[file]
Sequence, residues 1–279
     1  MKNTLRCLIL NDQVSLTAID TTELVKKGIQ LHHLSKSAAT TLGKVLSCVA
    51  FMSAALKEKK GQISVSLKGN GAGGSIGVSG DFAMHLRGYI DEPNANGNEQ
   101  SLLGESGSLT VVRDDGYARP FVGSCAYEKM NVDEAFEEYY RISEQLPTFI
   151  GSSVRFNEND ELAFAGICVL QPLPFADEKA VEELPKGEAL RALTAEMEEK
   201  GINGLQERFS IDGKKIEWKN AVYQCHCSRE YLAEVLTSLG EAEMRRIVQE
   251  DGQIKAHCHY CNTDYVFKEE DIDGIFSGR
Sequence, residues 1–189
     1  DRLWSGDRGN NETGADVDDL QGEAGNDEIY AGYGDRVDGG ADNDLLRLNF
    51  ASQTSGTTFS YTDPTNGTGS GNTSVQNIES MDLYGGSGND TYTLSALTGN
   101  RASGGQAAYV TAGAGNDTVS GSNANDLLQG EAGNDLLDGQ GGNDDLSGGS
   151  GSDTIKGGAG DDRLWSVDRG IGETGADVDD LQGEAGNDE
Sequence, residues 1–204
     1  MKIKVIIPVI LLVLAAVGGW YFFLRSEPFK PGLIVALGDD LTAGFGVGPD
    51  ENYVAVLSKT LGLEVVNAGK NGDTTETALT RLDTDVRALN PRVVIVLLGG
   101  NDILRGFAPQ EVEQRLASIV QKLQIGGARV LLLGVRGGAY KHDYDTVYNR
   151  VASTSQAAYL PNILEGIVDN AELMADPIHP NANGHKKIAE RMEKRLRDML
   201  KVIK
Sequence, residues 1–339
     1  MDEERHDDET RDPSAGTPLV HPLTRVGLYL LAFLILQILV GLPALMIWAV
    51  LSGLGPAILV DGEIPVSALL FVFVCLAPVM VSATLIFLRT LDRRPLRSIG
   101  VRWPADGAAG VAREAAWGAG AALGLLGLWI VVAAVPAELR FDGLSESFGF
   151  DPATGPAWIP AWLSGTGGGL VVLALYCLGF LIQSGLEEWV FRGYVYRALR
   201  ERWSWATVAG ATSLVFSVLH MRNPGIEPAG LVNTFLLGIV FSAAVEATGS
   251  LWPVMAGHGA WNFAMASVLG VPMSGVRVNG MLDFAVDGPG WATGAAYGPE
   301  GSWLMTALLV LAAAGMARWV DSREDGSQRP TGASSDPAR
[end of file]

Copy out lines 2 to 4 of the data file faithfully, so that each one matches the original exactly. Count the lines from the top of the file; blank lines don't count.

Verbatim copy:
     1  MKNTLRCLIL NDQVSLTAID TTELVKKGIQ LHHLSKSAAT TLGKVLSCVA
    51  FMSAALKEKK GQISVSLKGN GAGGSIGVSG DFAMHLRGYI DEPNANGNEQ
   101  SLLGESGSLT VVRDDGYARP FVGSCAYEKM NVDEAFEEYY RISEQLPTFI